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Andrew James Manning v. Lithium Technology Corporation and Amir Elbaz

SUPERIOR COURT OF NEW JERSEY APPELLATE DIVISION


December 16, 2011

ANDREW JAMES MANNING, PLAINTIFF-APPELLANT,
v.
LITHIUM TECHNOLOGY CORPORATION AND AMIR ELBAZ, DEFENDANTS-RESPONDENTS.

On appeal from the Superior Court of New Jersey, Law Division, Morris County, Docket No. L-3200-08.

Per curiam.

NOT FOR PUBLICATION WITHOUT THE APPROVAL OF THE APPELLATE DIVISION

Submitted November 1, 2011

Before Judges Simonelli and Hayden.

In this matter, plaintiff Andrew James Manning claims that defendant Lithium Technology Corporation (LTC) breached his employment contract and the implied covenant of good faith and fair dealing, and was unjustly enriched by its failure to comply with the contract's termination without cause provision. Plaintiff also claims that LTC and defendant Amir Elbaz (Elbaz) made negligent misrepresentations about the contract, and Elbaz tortiously interfered with plaintiff's economic gain. Plaintiff appeals from the December 1, 2010 Law Division order, which granted summary judgment to defendants, and dismissed this matter with prejudice. We affirm.

The following facts are derived from evidence submitted by the parties in support of, and in opposition to, the summary judgment motion, viewed in a light most favorable to plaintiff. See Brill v. Guardian Life Ins. Co. of Am., 142 N.J. 520, 540 (1995). In November 1994, plaintiff began working as the Director of Process Development for Hope Technologies, a company that later became LTC. In 2002, he signed a three-year employment contract with LTC, commencing January 1, 2002 and terminating December 31, 2004, for the positions of Executive Vice-President, Chief Operating Officer (COO) and Chief Technical Officer (CTO) (the 2002 contract). The 2002 contract did not contain a "signing bonus" provision or a provision regarding termination without cause; it only contained provisions for plaintiff's termination "for cause" and if he became totally disabled or died.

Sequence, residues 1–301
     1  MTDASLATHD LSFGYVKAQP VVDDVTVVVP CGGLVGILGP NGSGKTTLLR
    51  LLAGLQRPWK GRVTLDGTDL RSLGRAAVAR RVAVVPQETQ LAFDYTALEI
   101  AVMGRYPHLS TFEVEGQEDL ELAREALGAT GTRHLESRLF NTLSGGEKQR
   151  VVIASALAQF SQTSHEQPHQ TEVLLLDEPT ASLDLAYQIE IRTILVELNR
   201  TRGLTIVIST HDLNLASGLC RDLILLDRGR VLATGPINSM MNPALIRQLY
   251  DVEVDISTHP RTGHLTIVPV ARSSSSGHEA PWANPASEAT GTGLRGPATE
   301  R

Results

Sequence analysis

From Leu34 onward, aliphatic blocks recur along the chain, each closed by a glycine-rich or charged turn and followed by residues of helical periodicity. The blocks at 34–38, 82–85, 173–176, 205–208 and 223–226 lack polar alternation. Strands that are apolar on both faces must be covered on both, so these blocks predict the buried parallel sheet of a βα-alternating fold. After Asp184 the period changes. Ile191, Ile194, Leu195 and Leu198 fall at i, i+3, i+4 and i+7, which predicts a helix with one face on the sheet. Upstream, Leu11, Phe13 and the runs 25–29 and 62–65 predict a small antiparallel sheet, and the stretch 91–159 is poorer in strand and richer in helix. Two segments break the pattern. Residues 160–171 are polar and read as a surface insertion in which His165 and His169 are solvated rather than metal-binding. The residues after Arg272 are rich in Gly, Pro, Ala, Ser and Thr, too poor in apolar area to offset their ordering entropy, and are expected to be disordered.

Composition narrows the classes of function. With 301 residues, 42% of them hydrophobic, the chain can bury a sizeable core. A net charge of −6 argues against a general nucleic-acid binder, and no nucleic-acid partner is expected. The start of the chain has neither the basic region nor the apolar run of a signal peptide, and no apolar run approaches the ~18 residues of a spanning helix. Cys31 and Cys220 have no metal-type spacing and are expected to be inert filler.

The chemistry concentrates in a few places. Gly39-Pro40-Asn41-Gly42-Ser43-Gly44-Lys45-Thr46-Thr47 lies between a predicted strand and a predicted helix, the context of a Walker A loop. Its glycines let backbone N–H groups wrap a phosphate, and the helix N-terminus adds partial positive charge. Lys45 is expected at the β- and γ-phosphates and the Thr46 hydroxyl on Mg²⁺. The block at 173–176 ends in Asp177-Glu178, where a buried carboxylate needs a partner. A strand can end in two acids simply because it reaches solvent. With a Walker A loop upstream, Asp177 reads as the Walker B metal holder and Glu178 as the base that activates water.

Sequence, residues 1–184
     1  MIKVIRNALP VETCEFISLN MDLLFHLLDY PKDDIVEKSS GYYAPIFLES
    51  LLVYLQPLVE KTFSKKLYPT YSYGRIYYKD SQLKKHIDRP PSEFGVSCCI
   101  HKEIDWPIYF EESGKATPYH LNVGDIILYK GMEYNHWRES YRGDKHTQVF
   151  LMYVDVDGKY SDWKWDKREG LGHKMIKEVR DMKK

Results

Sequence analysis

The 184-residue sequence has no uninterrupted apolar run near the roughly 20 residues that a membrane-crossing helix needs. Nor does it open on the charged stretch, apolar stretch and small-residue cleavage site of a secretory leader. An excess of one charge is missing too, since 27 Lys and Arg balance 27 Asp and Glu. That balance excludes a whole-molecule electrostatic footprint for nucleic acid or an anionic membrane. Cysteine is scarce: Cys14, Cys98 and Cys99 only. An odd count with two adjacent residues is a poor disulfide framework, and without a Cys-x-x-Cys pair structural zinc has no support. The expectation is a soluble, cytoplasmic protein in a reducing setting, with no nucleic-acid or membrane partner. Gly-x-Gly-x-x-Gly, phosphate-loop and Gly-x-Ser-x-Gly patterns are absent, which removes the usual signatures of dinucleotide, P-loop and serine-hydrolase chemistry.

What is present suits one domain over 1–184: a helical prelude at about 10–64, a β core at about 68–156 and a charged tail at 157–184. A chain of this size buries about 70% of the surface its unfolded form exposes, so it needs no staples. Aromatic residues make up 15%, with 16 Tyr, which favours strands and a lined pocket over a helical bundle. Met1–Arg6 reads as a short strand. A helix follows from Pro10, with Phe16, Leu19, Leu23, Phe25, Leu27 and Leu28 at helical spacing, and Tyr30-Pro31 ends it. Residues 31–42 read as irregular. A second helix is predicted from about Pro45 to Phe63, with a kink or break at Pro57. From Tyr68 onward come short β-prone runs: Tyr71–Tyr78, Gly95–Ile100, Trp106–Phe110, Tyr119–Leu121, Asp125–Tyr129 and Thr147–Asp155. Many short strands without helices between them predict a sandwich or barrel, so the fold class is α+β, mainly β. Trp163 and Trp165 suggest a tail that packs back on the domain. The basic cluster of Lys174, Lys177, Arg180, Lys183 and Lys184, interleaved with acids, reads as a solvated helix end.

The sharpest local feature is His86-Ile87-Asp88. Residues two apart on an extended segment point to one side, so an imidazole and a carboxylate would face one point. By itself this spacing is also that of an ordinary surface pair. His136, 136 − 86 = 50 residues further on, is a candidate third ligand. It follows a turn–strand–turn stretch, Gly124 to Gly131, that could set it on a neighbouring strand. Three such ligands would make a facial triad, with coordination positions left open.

LTC's Board of Directors (Board) had to approve all employment contracts. After the contracts were approved and signed, LTC placed the original contract in its files and the employee received a copy. Plaintiff received a copy of the 2002 contract.

Plaintiff claims that he signed a new three-year employment contract in 2003 that superseded the 2002 contract, and received a copy; however, he did not produce the original or a signed or unsigned copy of the new contract. LTC claims that the 2002 contract was never renewed or extended, and there was no other contract with plaintiff in its files.

During December 2004 or January 2005, plaintiff and Franz Kruger, LTC's then Chief Executive Officer (CEO), discussed a possible increase in plaintiff's annual salary. Plaintiff claims that in January 2005, Harry van Andel (van Andel), the Board's chairman, approached him about changes to LTC's management structure, and proposed a new employment contract appointing plaintiff as President and COO; however, they never discussed specific terms, such as compensation or duration.

Plaintiff discussed his proposed new contract with William Hackett (Hackett), who would be joining LTC as Chief Financial Officer (CFO). Hackett told plaintiff that LTC was preparing a contract for Hackett, and "that there would be a similar contract drawn up" for plaintiff. Although Hackett was aware that LTC was negotiating a contract with plaintiff, he was not involved in the negotiations or in drafting a contract, and he never saw a draft.